Interview: Quantitative, Qualitative or Versatile


This is where we drag leaders in gay men's health into our Proust spotlight. Get to know your colleagues as they share their work, their passion and a little of their busy lives.

Interview with David Brennan

David J. Brennan, PhD is an Assistant Professor of Social Work in the Factor-Inwentash Faculty of Social Work at the University of Toronto.

1. What is your place of birth?

Stratford, Connecticut, USA

2. How did you get involved in gay men's health?

When I first heard about AIDS (actually it was called Gay Related Immune Deficiency – GRID) back in December of 1983, I immediately called the AIDS Action Committee in Boston to ask how I could help. I got trained as a hotline volunteer and then a buddy. I got involved in activism and got arrested in Washington, DC.

3. Quantitative, qualitative or versatile?

Versatile, though my training was mostly quantitative.

4. What social determinant of health impacts gay men the most, do you think?

Heterosexism and homophobia, followed by racism and ageism.

5. What's something that everyone interested in gay men's health should read?

I like lifelube.com…some interesting blogs there. Always interesting and stimulating. And current….The Advocate’s Guide to Gay Men’s Health (Spinelli) is a bit outdated, but covers some interesting material. It is focused mostly on sex and not other issues such as aging.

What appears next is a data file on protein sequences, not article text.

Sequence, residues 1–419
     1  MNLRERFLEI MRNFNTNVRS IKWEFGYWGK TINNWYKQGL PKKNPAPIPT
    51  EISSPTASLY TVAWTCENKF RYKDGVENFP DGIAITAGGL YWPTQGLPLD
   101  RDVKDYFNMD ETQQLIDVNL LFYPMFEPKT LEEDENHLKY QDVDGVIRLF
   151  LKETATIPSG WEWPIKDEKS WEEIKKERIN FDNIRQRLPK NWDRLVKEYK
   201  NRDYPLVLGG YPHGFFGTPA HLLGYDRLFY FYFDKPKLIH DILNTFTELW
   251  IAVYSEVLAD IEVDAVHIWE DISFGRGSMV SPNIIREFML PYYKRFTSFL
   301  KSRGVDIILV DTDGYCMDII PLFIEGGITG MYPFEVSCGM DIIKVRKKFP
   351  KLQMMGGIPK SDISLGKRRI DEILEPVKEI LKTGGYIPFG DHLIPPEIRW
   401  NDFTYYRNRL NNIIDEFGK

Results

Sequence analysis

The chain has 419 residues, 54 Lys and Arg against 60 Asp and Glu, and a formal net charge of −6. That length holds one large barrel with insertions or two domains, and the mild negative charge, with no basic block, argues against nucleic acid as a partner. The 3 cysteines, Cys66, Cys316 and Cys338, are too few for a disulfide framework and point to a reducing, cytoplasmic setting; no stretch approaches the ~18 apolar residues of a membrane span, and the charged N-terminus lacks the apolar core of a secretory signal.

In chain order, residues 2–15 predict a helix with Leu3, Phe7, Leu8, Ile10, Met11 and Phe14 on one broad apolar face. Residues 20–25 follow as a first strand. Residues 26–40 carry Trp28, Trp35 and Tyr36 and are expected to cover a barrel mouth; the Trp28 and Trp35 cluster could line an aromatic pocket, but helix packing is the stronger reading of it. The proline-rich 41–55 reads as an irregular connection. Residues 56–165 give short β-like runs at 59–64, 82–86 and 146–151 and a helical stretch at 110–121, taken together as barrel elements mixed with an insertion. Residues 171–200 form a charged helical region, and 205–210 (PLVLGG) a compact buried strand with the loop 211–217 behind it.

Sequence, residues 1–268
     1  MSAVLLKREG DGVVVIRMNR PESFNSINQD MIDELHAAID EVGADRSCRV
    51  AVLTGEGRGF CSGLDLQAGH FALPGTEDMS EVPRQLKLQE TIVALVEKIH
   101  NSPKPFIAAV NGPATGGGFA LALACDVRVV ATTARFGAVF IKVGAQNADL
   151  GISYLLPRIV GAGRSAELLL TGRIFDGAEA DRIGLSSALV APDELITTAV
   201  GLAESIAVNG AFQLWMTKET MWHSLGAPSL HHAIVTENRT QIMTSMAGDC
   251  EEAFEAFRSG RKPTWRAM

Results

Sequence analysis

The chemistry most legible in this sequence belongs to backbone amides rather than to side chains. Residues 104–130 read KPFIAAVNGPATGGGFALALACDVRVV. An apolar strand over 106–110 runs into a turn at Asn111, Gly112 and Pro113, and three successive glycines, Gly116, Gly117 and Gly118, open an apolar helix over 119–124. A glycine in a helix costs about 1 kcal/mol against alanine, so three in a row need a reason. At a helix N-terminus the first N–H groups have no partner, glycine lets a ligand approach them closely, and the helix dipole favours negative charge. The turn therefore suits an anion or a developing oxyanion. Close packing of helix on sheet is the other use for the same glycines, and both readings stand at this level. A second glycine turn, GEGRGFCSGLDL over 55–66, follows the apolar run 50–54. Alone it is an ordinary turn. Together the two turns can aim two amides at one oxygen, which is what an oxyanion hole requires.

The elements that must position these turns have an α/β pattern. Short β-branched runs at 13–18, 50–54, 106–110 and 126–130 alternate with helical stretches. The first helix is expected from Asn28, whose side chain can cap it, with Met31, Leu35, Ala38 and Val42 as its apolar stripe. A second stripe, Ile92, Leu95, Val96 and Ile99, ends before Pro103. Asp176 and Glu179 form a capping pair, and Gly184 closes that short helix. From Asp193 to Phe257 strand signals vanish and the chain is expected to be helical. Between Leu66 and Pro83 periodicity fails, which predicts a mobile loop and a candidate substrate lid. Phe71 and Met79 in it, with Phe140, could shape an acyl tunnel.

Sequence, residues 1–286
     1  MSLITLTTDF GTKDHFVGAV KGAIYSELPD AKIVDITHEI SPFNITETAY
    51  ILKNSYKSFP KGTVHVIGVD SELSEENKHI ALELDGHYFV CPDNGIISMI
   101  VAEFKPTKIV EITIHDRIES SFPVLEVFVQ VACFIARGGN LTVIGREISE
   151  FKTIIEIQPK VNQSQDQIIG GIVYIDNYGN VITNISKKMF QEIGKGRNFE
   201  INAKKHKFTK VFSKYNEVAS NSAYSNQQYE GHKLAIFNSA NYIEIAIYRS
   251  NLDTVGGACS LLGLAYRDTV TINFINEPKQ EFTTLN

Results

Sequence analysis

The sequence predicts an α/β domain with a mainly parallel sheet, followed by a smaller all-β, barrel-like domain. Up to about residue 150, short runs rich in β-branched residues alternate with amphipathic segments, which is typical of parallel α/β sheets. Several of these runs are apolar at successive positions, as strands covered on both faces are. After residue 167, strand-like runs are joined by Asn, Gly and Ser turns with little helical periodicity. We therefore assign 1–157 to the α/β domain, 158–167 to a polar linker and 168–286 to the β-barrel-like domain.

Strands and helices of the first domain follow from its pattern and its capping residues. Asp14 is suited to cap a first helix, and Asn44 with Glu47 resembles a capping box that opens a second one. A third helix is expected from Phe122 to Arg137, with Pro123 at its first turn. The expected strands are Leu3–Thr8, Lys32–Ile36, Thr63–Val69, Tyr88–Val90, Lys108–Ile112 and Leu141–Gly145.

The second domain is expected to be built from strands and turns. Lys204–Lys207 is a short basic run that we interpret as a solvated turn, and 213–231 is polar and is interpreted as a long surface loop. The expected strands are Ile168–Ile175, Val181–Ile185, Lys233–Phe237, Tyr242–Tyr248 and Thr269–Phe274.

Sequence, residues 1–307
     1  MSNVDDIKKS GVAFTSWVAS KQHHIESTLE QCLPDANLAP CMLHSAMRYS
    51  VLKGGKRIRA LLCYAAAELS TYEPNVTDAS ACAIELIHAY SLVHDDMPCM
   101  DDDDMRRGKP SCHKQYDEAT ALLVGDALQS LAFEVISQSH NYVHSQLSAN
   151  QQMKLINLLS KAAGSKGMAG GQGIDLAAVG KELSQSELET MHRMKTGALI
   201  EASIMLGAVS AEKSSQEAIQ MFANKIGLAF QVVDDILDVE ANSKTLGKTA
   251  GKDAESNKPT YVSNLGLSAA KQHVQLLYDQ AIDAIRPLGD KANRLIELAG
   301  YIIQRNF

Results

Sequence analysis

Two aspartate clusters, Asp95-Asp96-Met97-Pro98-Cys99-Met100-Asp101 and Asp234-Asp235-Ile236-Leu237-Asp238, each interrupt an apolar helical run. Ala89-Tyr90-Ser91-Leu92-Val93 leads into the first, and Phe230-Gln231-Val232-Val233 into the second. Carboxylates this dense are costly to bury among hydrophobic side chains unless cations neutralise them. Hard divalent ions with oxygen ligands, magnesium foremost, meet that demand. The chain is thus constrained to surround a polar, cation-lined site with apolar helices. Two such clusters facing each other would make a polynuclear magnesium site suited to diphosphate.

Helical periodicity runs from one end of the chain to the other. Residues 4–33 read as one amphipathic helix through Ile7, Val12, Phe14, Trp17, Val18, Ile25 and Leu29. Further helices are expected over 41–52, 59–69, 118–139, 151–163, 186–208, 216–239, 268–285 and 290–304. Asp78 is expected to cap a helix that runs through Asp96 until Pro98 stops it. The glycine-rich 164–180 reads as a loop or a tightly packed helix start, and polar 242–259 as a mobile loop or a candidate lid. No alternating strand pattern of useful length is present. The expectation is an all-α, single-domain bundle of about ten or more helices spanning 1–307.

6. Do you have a favourite gay bar moment?

My favorite gay bar moment was back in the 80s when I was visiting my brother who worked in San Francisco. He and I met at a restaurant in the Castro ( I wanted to see if he was as comfortable around gay people as he had claimed)  and when I went to the bathroom I ran into a friend of his from high school! So, he joined us for dinner….it was great fun!

7. If you could poll 10,000 gay men, what two questions would you ask them?

1) What are the things that you do to stay healthy and happy?  And 2) What are the ways that being gay has been a positive gift in your life?

8. What is the secret to a perfect relationship?

Honesty and open communication.

9. How would you describe your current work?

I am a social work professor and I am working to teach new social workers about LGBT health issues and needs. I also am doing research to better understand what are the ways in which LGBT people broadly but mostly gay and bi men, build and maintain a sense of wellness and health.

10. What's the last piece of writing you did on gay health?

I have recently written on how body image has impacted gay and bisexual men of colour. It examined the intersections between racism and body image for gay and bi men of colour.

11. What gay man do you most admire?

Larry Kessler. He is the founding director of the AIDS Action Committee in Boston. He has been on the front line fighting for gay people as well as those living with HIV for over 30 years. He is an amazing inspiration.

12. Where would you like to see gay men's health in five years?

I would like to see that we have reduced the number of gay men who are testing HIV positive, that we have found a cure for those who are living with HIV and we can focus on how heterosexism and homophobia, along with lots of other forms of oppression can be rendered less powerful, if not completely impotent.

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